Graduate tax will reward dropouts, say directors

 
Steve Dinneen
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A coalition plan to replace upfront university tuition fees with a graduate tax has come in for fierce criticism from company directors, who say it will reward failure.

The Institute of Directors said the levy, which would be applied to future earnings, would hit hard working students and encourage people to quit the UK to avoid the tax.

A separate survey of graduates also suggested the proposed tax would hit student numbers, with 62 per cent saying they would consider not going to university if the retrospective tax was introduced. Around 63 per cent said they would not go to university if fees rose to £6,000, rising to 80 per cent if they were faced with uncapped fees.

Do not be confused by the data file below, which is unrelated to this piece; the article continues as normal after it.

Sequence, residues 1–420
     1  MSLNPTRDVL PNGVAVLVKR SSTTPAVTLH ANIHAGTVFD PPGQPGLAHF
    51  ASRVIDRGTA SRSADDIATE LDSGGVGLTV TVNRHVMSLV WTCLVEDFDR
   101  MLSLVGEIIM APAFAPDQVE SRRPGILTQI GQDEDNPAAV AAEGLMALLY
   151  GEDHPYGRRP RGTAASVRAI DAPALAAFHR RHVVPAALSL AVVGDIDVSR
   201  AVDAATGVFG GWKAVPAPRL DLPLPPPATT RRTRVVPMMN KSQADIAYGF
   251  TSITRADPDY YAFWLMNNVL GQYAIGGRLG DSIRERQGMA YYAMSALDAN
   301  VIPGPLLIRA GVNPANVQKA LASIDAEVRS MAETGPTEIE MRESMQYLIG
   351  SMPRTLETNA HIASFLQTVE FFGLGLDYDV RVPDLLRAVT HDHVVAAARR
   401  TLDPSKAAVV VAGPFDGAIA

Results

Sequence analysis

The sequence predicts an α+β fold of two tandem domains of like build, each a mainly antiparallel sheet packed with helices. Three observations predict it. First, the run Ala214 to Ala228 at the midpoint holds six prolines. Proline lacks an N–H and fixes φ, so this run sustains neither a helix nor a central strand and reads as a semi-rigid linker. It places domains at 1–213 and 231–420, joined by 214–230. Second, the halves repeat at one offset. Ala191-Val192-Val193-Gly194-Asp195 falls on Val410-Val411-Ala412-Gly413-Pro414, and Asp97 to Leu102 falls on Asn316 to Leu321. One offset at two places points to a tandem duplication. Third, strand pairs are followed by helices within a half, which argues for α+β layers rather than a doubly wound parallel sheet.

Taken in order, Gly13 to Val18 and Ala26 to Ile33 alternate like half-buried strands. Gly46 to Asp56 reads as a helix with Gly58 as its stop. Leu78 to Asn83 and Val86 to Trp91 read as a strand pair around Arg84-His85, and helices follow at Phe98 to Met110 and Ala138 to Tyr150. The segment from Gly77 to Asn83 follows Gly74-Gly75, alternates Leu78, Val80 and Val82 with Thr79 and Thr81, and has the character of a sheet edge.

The news will be a bitter blow to Vince Cable, a champion of the tax, as he prepares for a speech this afternoon on funding for higher education.

The government is awaiting a review by former BP boss Lord Brown, who is expected to recommend fees rise by £3,290 to as much as £7,000 a year.